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May 23, 2012

Recipe for chevre bisque, with tomato, basil, and an optional(!) lobster garnish


From the Soup & Bread Cookbook, you chose this chevre bisque garnished with lobster, and I'm delighted to share the result. (A very close second in the voting, the tortilla soup, will be coming your way in a few weeks, too.) The recipe, by Chicago chef Tamiz Haiderali, was a favorite on the Valentine's Day menu at her restaurant, Treat (now closed), and it's easy to see why. The color? Pink-ish. The mouth feel? Sensuous. The lobster? Icing on the cake, so to speak, though crab meat or shrimp would be fine and more budget-friendly substitutes. For a vegetarian soup, omit the lobster and garnish with chives from your garden.

Chevre bisque, with tomato, basil, and an optional lobster garnish

From Soup & Bread Cookbook. Serves 6; can be doubled.


2 Tbsp canola oil
1/2 cup chopped Spanish onion
3 Tbsp minced garlic
1/4 cup basil leaves, roughly chopped
1/4 tsp cayenne pepper
12 ripe Roma tomatoes, seeded and diced
6 cups water
1/2 cup goat cheese
Kosher salt and fresh black pepper, to taste
1/4 lb lobster tail, sliced, or fresh crab meat, for garnish (optional)
A few basil leaves, thinly sliced, for garnish (optional)
1/2 tsp minced fresh chives, for garnish (optional)


In a Dutch oven or heavy stock pot, heat the oil over low heat. Add the onions, and cook until translucent. Then, stir in the garlic, and cook until lightly golden, but not burned.

Toss in half of the chopped basil (2 tablespoons), plus the cayenne, and stir for 30 seconds. Add the tomatoes and 6 cups of water. Raise the heat to high, and bring to the boil; then, reduce heat to simmer and cook, uncovered, for 20 minutes. When the tomatoes are fully cooked, add the goat cheese, and stir to combine.

Remove the pot from the heat, and add the remaining 2 tablespoons of basil. Pureé with an immersion blender (or let cool slightly, then pureé in batches in a stand blender).

Serve the soup warm, garnishing each individual bowl with sliced lobster, sliced basil, and a sprinkling of fresh chives.

Print recipe only.

[Disclosure: Soup Chick earns a few pennies on books purchased through the link in this post.]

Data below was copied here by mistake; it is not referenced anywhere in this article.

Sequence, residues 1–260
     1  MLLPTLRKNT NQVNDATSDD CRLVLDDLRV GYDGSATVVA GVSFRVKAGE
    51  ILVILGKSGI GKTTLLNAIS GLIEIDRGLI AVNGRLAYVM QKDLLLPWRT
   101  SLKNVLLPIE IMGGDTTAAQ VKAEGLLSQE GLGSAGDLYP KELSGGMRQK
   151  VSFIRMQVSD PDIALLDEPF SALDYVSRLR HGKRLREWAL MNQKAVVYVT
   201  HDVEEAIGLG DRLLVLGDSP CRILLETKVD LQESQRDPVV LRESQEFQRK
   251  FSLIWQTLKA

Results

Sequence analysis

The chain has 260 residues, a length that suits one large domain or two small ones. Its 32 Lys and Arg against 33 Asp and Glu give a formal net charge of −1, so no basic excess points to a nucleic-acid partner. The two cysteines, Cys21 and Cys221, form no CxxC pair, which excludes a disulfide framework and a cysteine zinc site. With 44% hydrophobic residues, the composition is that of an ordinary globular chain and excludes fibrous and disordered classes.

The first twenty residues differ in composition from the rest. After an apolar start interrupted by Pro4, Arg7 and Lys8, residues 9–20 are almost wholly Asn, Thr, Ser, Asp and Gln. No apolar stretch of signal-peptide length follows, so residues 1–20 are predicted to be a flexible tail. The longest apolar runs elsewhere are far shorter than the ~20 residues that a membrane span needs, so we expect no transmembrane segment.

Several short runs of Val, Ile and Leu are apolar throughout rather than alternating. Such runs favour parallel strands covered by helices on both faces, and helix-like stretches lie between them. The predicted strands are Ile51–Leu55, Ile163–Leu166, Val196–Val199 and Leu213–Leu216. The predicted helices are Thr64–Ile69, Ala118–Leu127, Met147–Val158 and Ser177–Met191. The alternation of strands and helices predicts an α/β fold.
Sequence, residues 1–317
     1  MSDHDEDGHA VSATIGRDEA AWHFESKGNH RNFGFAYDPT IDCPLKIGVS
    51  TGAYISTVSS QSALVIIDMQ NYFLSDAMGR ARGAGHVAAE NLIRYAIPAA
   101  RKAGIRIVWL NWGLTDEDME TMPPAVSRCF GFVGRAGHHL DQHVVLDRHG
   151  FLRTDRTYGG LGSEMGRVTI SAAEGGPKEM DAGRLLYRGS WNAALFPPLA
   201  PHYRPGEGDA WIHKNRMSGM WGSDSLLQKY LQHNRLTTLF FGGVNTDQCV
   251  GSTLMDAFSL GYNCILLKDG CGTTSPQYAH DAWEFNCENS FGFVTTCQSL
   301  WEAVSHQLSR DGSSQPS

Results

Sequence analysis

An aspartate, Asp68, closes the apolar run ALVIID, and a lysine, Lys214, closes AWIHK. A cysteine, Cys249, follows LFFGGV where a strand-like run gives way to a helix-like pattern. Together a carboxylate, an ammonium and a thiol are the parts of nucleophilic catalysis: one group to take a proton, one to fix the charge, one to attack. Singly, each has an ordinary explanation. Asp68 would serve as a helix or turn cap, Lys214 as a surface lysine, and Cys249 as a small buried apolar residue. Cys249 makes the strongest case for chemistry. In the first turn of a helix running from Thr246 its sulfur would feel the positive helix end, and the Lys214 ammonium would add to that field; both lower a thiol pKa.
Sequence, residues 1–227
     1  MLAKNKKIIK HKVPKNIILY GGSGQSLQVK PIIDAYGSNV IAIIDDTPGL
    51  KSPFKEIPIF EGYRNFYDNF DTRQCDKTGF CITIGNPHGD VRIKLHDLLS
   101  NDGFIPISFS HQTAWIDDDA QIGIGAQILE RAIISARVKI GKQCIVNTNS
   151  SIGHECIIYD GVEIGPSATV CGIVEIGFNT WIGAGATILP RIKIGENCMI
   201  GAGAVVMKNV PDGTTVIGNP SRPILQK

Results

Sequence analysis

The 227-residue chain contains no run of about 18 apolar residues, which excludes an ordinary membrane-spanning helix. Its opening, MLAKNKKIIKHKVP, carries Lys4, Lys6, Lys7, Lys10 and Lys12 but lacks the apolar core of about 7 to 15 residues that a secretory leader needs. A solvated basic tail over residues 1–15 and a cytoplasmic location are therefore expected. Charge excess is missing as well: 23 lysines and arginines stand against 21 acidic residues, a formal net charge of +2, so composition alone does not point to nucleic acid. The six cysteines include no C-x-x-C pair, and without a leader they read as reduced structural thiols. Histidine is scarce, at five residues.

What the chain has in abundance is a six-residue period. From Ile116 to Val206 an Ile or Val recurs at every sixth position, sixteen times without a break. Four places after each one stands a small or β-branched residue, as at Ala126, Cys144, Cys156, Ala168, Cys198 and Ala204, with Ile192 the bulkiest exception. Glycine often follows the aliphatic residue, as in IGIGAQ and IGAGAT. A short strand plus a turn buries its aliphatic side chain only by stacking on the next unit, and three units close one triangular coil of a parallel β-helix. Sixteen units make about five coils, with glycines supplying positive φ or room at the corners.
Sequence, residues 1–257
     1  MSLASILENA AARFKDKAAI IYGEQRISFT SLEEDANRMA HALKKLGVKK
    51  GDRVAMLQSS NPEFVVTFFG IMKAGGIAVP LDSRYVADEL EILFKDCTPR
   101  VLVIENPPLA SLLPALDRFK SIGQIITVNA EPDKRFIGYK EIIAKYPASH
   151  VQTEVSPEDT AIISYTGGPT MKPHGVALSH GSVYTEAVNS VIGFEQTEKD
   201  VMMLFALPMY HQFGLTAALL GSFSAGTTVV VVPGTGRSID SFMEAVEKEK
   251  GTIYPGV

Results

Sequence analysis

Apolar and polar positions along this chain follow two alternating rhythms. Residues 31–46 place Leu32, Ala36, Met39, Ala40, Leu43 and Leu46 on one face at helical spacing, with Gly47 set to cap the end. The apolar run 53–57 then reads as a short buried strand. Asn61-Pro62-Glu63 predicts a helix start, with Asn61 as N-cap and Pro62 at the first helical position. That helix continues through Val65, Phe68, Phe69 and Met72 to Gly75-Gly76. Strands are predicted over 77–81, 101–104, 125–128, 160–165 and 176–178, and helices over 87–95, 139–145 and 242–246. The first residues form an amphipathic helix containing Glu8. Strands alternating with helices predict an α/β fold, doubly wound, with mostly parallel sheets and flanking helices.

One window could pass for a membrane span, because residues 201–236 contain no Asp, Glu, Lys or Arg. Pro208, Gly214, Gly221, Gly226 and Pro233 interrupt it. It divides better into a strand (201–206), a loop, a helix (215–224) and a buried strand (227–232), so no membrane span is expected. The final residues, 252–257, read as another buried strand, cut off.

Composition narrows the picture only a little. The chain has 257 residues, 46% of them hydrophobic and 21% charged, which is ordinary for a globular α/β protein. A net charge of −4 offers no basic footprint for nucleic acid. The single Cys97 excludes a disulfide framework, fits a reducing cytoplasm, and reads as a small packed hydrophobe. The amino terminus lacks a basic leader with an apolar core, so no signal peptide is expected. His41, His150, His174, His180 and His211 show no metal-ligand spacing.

Posted by: SallyBR | May 23, 2012 at 11:53 AM

I'll take the garnish! ;-)

just kidding, the whole soup is amazing, but of course a little lobster takes it over the top with deliciousness

Posted by: Marcia Bowden | May 23, 2012 at 01:21 PM

Wonderful choice! A thought just occurred to me....a couple of cans of chiles for a lobster?

Posted by: Lydia | May 23, 2012 at 02:26 PM

Sally, the garnish was a real treat. For me, that little bit of luxury wasn't really optional. But for the soup, it is.

Marcia, we can talk....

Posted by: pam | May 23, 2012 at 02:33 PM

Lobster is never optional.

Posted by: Lydia | May 23, 2012 at 02:35 PM

Pam, I feel the same way, but if you don't have lobster, shrimp or real crab meat would be delicious, too.

Posted by: Marcia Bowden | May 23, 2012 at 06:42 PM

What do you think about that fake crab? That's probably all I could find (that wouldn't be several years old)

Posted by: Lydia | May 23, 2012 at 07:17 PM

Marcia, better to garnish with chives, or more basil. The soup is delicious without the seafood, so if you can't find the real thing, serve it on its own.

Posted by: Marcia Bowden | May 23, 2012 at 11:22 PM

Thanks Lydia, I will do that!

Posted by: kellypea | May 24, 2012 at 04:26 PM

OMG. I have to try this. Lobster is such a treat and it would be so elegant.

Posted by: Lydia | May 24, 2012 at 04:35 PM

Kellypea, the soup looks rich but it's actually quite lean, with just a small amount of goat cheese. The lobster dresses it up, so to me, it's not optional at all!

Posted by: Anthony Z | November 18, 2015 at 09:30 AM

Can this soup be frozen? Should I leave out the lobster and goat cheese until after I've thawed/reheated?

Posted by: Lydia (The Perfect Pantry) | November 29, 2015 at 06:57 AM

Anthony, if you wanted to make this ahead, I would freeze the base, and then add the seafood and cheese when you reheat.

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  • I'm Lydia Walshin, a longtime food writer who lives and cooks in a real log house. If I could, I'd eat Chinese noodles, grapes, ice cream and soup every day.
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